Women and Retirement

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I have posted many articles about retirement, but here are issues that may have special relevance to women and retirement (although men should also pay attention).  The basic principles still apply: plan for your own retirement, start saving early, save extra, and don’t avoid all risky investments (that is stocks that tends over time to grow more).

Pensions and Survivor Benefits

There are several additional things women should know in retirement.  Know what benefits you are due from your husband’s retirement benefits.  Widow(er)s may be due a survivor benefit from their partner’s pension.  Pensions from businesses are becoming rarer as companies shift benefits from employees to officers and shareholders, but are still common in the military, government, and some major corporations.  Pensions pay a survivor pension after the partner’s death, but results in a lower pension while alive.   If pensions offer survivor benefits, they usually enable the pensioner to choose to elect it or not.  Often the spouse must agree in writing if it is given up.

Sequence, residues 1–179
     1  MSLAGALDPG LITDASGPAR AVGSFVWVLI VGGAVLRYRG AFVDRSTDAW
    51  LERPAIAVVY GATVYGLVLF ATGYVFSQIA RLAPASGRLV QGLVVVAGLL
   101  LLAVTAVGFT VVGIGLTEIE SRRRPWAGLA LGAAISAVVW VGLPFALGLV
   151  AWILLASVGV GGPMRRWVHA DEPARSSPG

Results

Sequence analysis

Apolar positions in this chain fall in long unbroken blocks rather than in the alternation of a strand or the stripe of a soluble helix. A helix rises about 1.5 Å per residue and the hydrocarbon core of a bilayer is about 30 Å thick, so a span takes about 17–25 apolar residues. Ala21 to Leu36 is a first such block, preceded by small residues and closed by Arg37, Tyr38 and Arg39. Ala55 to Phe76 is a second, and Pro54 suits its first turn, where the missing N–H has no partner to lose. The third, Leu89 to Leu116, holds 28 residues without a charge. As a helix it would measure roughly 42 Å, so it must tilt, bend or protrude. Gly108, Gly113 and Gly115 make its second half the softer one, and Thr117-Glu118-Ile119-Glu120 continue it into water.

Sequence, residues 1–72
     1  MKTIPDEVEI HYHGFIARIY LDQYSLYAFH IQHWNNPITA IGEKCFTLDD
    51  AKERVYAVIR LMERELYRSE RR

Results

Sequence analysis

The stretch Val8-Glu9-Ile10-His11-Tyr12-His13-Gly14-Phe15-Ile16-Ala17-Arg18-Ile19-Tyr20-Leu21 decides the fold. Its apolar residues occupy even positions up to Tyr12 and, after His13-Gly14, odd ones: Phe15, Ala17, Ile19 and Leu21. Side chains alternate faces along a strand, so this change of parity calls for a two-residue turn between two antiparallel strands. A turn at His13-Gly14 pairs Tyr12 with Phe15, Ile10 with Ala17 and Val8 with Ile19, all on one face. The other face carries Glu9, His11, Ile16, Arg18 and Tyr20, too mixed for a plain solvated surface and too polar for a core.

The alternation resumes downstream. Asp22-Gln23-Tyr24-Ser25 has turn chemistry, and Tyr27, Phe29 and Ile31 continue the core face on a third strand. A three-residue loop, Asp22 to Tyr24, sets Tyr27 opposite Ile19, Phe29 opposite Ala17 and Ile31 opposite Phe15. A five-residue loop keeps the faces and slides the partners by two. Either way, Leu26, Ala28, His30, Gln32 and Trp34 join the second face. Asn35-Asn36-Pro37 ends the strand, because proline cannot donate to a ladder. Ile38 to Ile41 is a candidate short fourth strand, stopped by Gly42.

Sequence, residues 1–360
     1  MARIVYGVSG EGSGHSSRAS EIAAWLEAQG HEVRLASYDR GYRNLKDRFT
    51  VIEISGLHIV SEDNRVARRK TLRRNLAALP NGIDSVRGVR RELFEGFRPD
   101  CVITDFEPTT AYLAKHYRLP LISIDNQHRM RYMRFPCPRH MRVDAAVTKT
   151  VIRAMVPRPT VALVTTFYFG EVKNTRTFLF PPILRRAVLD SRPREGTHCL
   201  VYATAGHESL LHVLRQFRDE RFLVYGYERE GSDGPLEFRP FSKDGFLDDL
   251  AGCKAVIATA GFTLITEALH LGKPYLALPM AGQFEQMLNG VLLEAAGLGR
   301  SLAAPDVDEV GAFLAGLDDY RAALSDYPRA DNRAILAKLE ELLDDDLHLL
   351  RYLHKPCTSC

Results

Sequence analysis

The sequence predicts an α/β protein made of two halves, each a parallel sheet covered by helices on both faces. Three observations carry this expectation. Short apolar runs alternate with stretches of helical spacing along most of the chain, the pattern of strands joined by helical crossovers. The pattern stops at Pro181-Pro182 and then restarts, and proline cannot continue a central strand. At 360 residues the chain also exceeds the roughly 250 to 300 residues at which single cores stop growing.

Remember that, on average, women live five years longer than men, so compare the age difference between the partner due the pension and the spouse potentially due a survivor pension.  Generally, only give up the survivor pension if the spouse due the retirement pension is significantly younger and more likely to outlive the person potentially due the survivor benefit.  Sometimes, couples agree to forego the survivor pension and replace it with life insurance, but consider that the survivor is giving up guaranteed income for life for a pot of money that will need to be managed to last for an unknown period of time.

Social Security for Spouses

Social Security may pay widows at age 60 if their husband is eligible.  Spouses can generally choose the higher Social Security benefit between their own or their spouse’s.  You are even eligible for SSA benefits from an ex-spouse if you are over age 62, unmarried, and were married at least ten years.  This is true even if your ex is still working, as long as you have been divorced at least two years.  For more information on Social Security, see their website.  Remember that eligibility rules change periodically, so check when your eligibility nears.

About John Kimball

Over the past few decades, I have experienced most of these financial issues with both mistakes and successes. I sure wish someone had told me these things when I was first starting out. So many times I have cried out, "I want a do over!" when I learned a new financial lesson or tip. I aim to pass along to you the financial insights I have gained from experience, reading, analysis, and living the financial aspects of managing, saving, investing, and spending your money. I am an analyst with a large organization and happily married with two children on their way to an expensive college, no doubt. I read numerous financial blogs, websites, newsletters, magazines, newspapers, and books to bring you the latest news, insights, tips, and lessons combined with decades of experience.

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